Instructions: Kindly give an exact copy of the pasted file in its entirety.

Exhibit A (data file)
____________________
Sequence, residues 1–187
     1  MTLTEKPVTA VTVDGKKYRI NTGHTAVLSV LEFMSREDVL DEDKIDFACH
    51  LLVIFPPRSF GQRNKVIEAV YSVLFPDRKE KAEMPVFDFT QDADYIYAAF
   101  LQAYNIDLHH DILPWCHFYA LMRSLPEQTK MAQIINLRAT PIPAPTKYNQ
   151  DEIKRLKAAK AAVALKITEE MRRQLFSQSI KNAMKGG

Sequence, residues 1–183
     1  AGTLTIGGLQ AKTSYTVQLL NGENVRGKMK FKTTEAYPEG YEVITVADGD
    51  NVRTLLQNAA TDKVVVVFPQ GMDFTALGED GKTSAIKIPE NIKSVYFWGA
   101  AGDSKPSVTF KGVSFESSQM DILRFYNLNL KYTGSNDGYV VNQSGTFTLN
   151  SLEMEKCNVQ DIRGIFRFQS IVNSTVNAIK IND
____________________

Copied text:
Sequence, residues 1–187
     1  MTLTEKPVTA VTVDGKKYRI NTGHTAVLSV LEFMSREDVL DEDKIDFACH
    51  LLVIFPPRSF GQRNKVIEAV YSVLFPDRKE KAEMPVFDFT QDADYIYAAF
   101  LQAYNIDLHH DILPWCHFYA LMRSLPEQTK MAQIINLRAT PIPAPTKYNQ
   151  DEIKRLKAAK AAVALKITEE MRRQLFSQSI KNAMKGG

Sequence, residues 1–183
     1  AGTLTIGGLQ AKTSYTVQLL NGENVRGKMK FKTTEAYPEG YEVITVADGD
    51  NVRTLLQNAA TDKVVVVFPQ GMDFTALGED GKTSAIKIPE NIKSVYFWGA
   101  AGDSKPSVTF KGVSFESSQM DILRFYNLNL KYTGSNDGYV VNQSGTFTLN
   151  SLEMEKCNVQ DIRGIFRFQS IVNSTVNAIK IND